MPs and industry groups have raised concerns over proposed changes to energy generation rules which could land UK manufacturers with an estimated £170m bill.
Energy regulator Ofgem is consulting with the public on its proposals to remove Embedded Benefits, a move which would hit manufacturers and other energy-intensive businesses which currently generate their own power, but don’t access the national transmission networks.
The consultation is due to close tomorrow (Friday 22 September, 2o16).
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Trade body The Renewable Energy Association has warned that manufacturers could lose “millions of pounds a year”, calling the issue as “important as any impact on the generation side to UK plc.”
Smaller power generators reportedly believe the changes are being driven after heavy lobbying by members of the Big Six energy firms – notably ScottishPower and EDF Energy – in order to make their idle, low efficiency power generation assets more competitive.
Labour MP George Howarth said he is “extremely concerned” and has raised the issue with the government.
He stated: “At a time of great uncertainty in the wake of the Brexit vote, the last thing British industry needs is rising energy costs.
“I am also very worried about the impact upon the investment in local generation projects, which are essential as we try and address our future energy needs. There is also concern at the impact on jobs in the industry.
“We know the Big Six energy companies have their own agenda, but surely Ofgem needs to be mindful of the whole industry before deciding to go ahead with removing Embedded Benefits as there could be serious consequences on jobs and investment decisions.”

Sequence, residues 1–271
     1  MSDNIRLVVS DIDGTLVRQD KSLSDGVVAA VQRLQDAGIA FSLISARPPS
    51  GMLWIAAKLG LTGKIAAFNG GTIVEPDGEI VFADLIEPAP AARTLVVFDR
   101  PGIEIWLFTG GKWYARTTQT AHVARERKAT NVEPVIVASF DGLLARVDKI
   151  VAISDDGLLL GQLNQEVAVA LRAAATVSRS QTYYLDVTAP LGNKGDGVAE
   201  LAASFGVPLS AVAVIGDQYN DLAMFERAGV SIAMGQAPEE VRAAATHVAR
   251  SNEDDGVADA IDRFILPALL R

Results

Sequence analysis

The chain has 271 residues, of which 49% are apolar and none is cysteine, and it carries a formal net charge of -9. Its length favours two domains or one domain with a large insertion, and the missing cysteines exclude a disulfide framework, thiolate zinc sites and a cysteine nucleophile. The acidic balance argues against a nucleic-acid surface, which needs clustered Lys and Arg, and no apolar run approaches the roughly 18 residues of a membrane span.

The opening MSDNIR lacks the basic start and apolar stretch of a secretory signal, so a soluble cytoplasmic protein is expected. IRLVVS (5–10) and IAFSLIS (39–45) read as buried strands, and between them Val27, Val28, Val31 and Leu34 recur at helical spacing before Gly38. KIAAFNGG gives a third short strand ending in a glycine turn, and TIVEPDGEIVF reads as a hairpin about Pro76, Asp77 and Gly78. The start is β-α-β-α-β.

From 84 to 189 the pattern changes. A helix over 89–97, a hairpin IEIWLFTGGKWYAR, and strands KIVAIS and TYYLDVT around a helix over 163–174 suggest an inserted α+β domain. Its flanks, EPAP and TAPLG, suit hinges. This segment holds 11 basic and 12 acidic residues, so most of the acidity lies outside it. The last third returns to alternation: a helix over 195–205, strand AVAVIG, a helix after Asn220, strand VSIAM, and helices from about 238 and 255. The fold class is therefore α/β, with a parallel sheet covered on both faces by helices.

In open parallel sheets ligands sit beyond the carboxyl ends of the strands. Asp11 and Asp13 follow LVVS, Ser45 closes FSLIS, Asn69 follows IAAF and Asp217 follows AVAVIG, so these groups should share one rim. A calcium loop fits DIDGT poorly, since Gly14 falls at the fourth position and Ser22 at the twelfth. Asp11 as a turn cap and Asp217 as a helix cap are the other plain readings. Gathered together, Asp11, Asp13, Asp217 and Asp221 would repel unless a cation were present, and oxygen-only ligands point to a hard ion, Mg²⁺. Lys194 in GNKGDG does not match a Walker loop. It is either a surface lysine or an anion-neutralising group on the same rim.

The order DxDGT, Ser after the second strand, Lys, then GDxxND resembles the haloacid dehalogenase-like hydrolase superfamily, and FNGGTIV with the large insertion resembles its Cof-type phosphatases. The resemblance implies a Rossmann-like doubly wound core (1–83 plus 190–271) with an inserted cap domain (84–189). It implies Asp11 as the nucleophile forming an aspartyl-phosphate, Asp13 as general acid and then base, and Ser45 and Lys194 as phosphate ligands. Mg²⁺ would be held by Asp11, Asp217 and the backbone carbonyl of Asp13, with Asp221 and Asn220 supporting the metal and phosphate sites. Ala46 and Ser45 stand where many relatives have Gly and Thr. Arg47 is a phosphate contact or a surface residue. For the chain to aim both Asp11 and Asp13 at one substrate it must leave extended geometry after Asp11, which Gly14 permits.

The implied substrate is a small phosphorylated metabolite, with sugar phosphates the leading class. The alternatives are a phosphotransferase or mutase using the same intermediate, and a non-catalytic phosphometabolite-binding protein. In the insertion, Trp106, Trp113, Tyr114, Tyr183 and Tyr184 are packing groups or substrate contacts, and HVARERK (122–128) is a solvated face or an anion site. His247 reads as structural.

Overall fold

Liberal Democrat MP Greg Mulholland added: “This is very worrying. Any measure that could add costs to hospitals and British industry is of serious concern and I urge Ofgem to hold fire on this issue to look at the wider implications.”
The Association for Decentralised Energy (ADE) expects the proposals to have a number of adverse consequences, including increasing the cost of energy and hitting manufacturing jobs.
The ADE estimated that the changes being considered could increase industrial manufacturers’ costs by more than £170m. Some energy intensive manufacturers could see their energy bill rise by nearly £4m a year, potentially putting their ability to compete and grow at risk.
ADE director, Dr Tim Rotheray commented: “Without a careful, independent review, the current proposals could undermine the UK’s transition to a lower cost and lower carbon network system, as well as costing energy intensive UK manufacturers millions of pounds a year at a time when energy costs are a key concern for their ability to compete in global markets.”
Senior energy & environment policy adviser at EEF, Richard Warren said: “Ill-considered reform could seriously undermine the economics of much onsite generation and have unforeseen consequences.
“This is not to suggest that the current system could not benefit from considered reform, but it is vital that it is done as part of a wider review of network charging and is done in full consultation with all interested stakeholders.
“Making these changes through the proposed avenue largely ignores the concerns of industrial users and most distributed generators.”
Ofgem needs to rethink the proposal, according to Clarke Energy, which employs 280 people in Knowsley, Merseyside, and supplies gas engines to many local generation projects.
Group marketing and compliance manager, Alex Marshall said: “Embedded generation is contributing an ever greater role to keeping the lights on in the UK. The uncertainty with respect to this consultation is leading delays in investment decisions for new build power stations.”